2006 Archive

December 31, 2006

Final Meeting of a Major 6-Year long German Grant Program about Colloidal Magnetic Fluids

spp1104During the last week in September 2006, a final colloquium was held to bid farewell to a very successful 6-year grant program funded with more than 10 million Euros. The results were presented in connection with the 7th German ferrofluid workshop. The success of this program was extraordinary as mentioned by Dr. W. Lachenmeier, the person at the Deutsche Forschungsgemeinschaft (DFG) responsible for this priority program. It produced 370 peer-reviewed publications, 54 masters and 39 Ph.D. theses, 10 habilitations and 8 appointments of people in the program to become professors. Much of this enormous output must be accredited to the tireless efforts and organization talents of the chair Prof. Stefan Odenbach from the University of Dresden.

In order to be able to judge what was accomplished at the meeting, please check out a recent special issue of the Journal of Physics: Condensed Matter: http://www.iop.org/EJ/toc/0953-8984/18/38

Other information is also available from Stefan Odenbach's website at 

'Nanorust' Cleans Arsenic From Drinking Water

The discovery of unexpected magnetic interactions between magnetite nanoparticles coated with oleic acid is leading scientists at Rice University's Center for Biological and Environmental Nanotechnology (CBEN) to develop a revolutionary, low-cost technology for cleaning arsenic from drinking water. The technology holds promise for millions of people in India, Bangladesh and other developing countries where thousands of cases of arsenic poisoning each year are linked to poisoned wells. The new technique is described in Science 314, 964-967 (2006).

6th International Conference on the Scientific and Clinical Applications of Magnetic Carriers WAS A HUGE SUCCESS

The 6th Conference on the Scientific and Clinical Applications of Magnetic Carriers took place in Krems, Austria (near Vienna) from May 17-20, 2006. 325 scientists from 43 countries attended the conference to discuss magnetic carriers. Krems is a historical village on the Donau (hint: boat trip!) and is on the UNESCO world heritage list.

The organizers were as always Urs Hafeli, Maciej Zborowski, and Wolfgang Schütt. Wolfgang is the local organizer who works at the IMC University of Applied Sciences in Krems. Ivo Safarik and Mirka Safarikova also joined the team. For more information about the meeting, check here.

Krems, Austria, was the perfect location for our meeting.

Remotely Activated Shape-Memory Polymers Containing Magnetic Nanoparticles

Andreas Lendlein and colleagues at the Institute for Polymer Research in Teltow, Germany, have created shape-memory polymers that are triggered remotely by a magnetic field -- making it possible to activate them anywhere in the body. These first magnetic shape-memory plastics could lead to medical implants, such as polymer stents, that doctors can insert in a compact form, and then remotely trigger to take their final shape once in the body.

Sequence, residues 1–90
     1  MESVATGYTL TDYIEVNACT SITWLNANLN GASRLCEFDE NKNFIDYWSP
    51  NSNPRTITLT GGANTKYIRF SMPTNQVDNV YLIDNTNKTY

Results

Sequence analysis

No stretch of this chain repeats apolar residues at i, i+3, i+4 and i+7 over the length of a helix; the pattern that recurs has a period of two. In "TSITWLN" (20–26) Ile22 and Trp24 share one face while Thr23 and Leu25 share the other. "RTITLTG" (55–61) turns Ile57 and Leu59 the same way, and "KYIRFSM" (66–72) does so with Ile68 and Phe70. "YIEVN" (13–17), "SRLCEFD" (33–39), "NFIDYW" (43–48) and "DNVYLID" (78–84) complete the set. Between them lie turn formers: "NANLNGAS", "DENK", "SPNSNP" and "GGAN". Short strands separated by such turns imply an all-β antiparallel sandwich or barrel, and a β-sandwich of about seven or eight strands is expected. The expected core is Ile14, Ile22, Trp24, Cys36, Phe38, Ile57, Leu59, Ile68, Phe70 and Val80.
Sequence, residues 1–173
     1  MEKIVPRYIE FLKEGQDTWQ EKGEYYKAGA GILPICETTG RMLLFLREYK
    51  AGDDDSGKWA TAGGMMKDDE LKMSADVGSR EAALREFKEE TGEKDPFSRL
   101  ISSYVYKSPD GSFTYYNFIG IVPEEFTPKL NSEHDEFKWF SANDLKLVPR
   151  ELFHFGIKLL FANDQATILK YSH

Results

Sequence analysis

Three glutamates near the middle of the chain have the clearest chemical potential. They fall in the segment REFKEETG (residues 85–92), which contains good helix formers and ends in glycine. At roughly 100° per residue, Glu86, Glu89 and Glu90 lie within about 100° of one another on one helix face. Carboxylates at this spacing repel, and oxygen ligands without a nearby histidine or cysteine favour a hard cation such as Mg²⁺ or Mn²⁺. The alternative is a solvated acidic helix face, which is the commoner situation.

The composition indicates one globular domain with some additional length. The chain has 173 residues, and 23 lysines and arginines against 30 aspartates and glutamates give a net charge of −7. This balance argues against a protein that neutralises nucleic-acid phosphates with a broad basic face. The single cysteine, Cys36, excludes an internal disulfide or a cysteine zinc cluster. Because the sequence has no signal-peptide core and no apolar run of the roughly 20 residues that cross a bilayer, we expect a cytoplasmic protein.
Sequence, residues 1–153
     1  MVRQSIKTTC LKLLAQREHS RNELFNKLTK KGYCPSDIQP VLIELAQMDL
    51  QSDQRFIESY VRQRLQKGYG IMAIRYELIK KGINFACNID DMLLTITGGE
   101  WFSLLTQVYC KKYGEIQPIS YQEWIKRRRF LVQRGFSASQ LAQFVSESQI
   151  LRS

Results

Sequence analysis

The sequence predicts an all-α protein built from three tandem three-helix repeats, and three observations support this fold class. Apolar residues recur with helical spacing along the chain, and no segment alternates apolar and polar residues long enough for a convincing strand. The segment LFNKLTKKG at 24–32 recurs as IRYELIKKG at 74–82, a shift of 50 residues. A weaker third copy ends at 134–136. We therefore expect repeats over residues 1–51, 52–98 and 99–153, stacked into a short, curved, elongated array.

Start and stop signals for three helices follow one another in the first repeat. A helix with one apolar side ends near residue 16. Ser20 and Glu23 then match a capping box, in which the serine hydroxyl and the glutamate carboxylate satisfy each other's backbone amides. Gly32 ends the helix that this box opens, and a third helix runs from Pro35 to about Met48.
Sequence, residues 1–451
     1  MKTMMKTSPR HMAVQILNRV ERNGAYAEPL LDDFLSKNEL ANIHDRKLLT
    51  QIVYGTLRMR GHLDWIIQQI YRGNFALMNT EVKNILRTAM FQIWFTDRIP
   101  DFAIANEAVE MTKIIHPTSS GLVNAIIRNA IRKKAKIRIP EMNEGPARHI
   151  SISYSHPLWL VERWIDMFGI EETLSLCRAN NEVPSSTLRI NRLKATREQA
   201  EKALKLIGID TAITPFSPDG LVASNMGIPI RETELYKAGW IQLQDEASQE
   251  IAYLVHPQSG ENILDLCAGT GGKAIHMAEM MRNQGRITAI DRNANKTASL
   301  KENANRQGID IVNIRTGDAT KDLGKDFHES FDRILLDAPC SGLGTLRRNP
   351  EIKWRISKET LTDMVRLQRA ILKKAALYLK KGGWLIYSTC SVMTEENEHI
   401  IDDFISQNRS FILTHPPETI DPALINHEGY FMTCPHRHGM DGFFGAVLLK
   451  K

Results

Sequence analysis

For more information, see their PNAS article.

Sequence of photographs showing the shape-memory polymer (black strip) changing to its permanent shape.

Microfluidic Capturing-Dynamics of Paramagnetic Bead Suspensions

Mikkelsen and Bruus study theoretically the capturing of paramagnetic beads by a magnetic field gradient in a microfluidic channel treating the beads as a continuum. Bead motion is affected by both fluidic and magnetic forces. The transfer of momentum from beads to the fluid creates an effective bead%u2013bead interaction that greatly aids capturing. The authors demonstrate that for a given inlet flow speed a critical density of beads exists above which complete capturing takes place.

For more information, check out http://www.rsc.org/publishing/journals/LC/article.asp?doi=b507104f

Cleaning up Wastewater Magnetically

Yasuzo Sakai from Utsunomiya University, Japan, has set up a pilot plant based on a magnetic activated sludge process to treat municipal wastewater. From the fall of 2003 to the summer of 2005, the plant continuously treated 16 m3 of sewage in an aeration tank. The process removed organic material with excellent efficiency compared to the standard activated sludge technique.

For more information, and to see how it works in three little movies, check out http://pubs.acs.org/cen/news/83/i52/8352wastewater.html.

Dan David Prize 2005 Honors Scientists Contributing to our Field

All three laureates in the Materials Science area honored this year by the Dan David Prize have worked with magnetic nano- and microspheres. Prof. Robert Langer from the Massachussetts Institute of Technology, USA, Prof. George Whitesides from Harvard University, USA, and Prof. C.N.R. Rao at the Jawaharlal Nehru Centre for Advanced Scientific Research, Bangalore, India, each received a 1 million US$ prize for their innovative and interdisciplinary research that cuts across traditional boundaries and paradigms.

For more information, check out http://www.dandavidprize.com/laureates.html#l2005.

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